demand shock
n. A sudden and large decrease in demand for goods and services.

Example Citations:
Meanwhile, with a single interest rate and one currency across Europe, member countries will lose discretion to adjust monetary policies to demand shocks while the automatic responses that markets provide to such shocks — falling real interest rates and falling currencies — will be gone.
—John Jay, “Why one wise American says euro is bad for prices and jobs,” The Sunday Times (London), November 16, 1997

“The commodity markets are reflecting reduced demand [from Asia], but in some cases, particularly energy and agriculture, oversupply has been the real problem. People are missing the distinction between a demand shock and a supply shock,” says Steve Strongin, head of commodities research at Goldman Sachs in New York.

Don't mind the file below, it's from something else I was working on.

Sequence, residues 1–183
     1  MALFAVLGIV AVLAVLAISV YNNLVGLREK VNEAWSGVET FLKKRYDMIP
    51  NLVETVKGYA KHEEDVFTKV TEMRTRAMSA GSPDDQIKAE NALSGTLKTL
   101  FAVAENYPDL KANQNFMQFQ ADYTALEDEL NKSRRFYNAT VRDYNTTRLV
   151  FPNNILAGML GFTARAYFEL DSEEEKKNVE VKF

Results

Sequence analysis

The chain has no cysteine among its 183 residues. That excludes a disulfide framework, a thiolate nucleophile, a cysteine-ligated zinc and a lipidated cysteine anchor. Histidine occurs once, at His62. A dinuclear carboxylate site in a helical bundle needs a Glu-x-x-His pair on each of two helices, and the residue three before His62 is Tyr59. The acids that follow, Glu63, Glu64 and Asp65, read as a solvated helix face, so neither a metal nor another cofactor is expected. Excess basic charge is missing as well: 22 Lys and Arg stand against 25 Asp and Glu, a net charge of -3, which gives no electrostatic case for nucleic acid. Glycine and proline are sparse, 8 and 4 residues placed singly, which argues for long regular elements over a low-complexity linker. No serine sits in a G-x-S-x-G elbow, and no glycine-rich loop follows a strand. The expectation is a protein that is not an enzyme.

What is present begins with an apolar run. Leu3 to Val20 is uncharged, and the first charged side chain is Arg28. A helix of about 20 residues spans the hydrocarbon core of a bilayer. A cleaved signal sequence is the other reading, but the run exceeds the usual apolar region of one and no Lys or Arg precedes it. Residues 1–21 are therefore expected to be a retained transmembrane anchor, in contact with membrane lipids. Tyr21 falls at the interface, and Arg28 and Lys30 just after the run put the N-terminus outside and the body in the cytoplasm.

—Terzah Ewing, “Not all commodities slumps related to Asia,” The Globe and Mail (Canada), September 1, 1998

Earliest Citation:
Preliminary research by Joanna Gray and others indicates that full indexing increases macroeconomic stability if the economy only suffers from demand shocks, but in the presence of supply shocks aggravates both inflation and recession.
—Robert J. Gordon, “The Theory of Domestic Inflation,” American Economic Review Proceedings, October 1, 1976

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